Missile false alarm leads to wake-up call for Maui County
WAILUKU, Hawaii (AP) — A false alarm of a missile threat made Maui County officials, businesses and organizations adjust their emergency procedures.
Hawaii Department of Education Superintendent Christina Kishimoto sent a letter out to parents last week, saying the incident has focused the department on its emergency preparations, The Maui News reported .
The department has had meetings with Hawaii Emergency Management Agency officials about school shelter-in-place planning and procedures for a missile threat, Kishimoto said.
Parents and guardians should avoid picking up their children at school if the warning comes during the school day, Kishimoto said.
“While it is extremely difficult to adhere to this advisement, please know that this is in the best interest of your children,” Kishimoto said.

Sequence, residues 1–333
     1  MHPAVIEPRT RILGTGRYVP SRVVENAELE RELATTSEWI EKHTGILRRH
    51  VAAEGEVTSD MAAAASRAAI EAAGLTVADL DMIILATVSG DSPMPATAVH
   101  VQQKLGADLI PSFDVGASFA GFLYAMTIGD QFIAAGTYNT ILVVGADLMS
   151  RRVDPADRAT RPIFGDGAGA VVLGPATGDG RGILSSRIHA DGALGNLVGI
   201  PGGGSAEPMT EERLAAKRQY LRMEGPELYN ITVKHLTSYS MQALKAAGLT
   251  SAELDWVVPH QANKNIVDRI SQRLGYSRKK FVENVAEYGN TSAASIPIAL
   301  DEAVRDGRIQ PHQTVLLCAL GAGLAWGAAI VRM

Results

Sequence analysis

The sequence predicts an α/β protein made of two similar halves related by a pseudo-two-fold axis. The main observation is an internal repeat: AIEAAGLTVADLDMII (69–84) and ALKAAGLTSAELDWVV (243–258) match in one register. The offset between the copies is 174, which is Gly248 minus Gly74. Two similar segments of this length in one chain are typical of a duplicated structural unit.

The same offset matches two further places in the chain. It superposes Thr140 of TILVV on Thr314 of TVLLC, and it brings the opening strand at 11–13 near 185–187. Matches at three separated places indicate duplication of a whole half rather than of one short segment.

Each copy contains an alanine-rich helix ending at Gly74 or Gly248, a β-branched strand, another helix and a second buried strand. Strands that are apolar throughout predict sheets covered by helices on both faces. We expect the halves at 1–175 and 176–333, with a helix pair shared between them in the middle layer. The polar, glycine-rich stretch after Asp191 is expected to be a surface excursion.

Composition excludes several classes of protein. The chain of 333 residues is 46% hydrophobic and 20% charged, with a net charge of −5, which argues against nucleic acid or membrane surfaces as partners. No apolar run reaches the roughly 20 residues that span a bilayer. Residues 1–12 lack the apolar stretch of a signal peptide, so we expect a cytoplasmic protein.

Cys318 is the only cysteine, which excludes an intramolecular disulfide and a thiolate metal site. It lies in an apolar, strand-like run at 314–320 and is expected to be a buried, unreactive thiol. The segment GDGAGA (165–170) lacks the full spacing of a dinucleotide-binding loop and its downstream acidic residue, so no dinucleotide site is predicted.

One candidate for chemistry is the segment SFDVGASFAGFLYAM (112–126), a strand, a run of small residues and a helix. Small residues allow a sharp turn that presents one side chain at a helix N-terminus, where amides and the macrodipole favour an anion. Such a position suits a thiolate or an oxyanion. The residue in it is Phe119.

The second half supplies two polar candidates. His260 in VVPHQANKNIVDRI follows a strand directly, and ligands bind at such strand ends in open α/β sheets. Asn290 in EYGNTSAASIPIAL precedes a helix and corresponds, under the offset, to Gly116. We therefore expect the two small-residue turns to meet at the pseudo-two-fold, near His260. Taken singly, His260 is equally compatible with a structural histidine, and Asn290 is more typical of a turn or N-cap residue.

The focus on emergency preparedness follows the erroneous Jan. 13 cellphone alert about a ballistic missile attack that came from the Hawaii Emergency Management Agency based on Oahu.
For Maui Health System, which operates Maui Memorial Medical Center, Kula Hospital and Lanai Community Hospital, medical teams continued to provide patient care, and all three hospitals remained open while emergency response procedures were implemented, said Chastell Ely, spokeswoman for the system, a subsidiary of Kaiser Permanente.
“We received an influx of phone calls, mostly staff wanting to know if they should report to assist,” Ely said. “Our administrator on call did begin activation of the hospital command center, which is standard procedure for disaster response. The biggest problem we encountered (Jan. 13) was conflicting reports between the alert notification being an error and an actual event.”
Information from: The Maui News, http://www.mauinews.com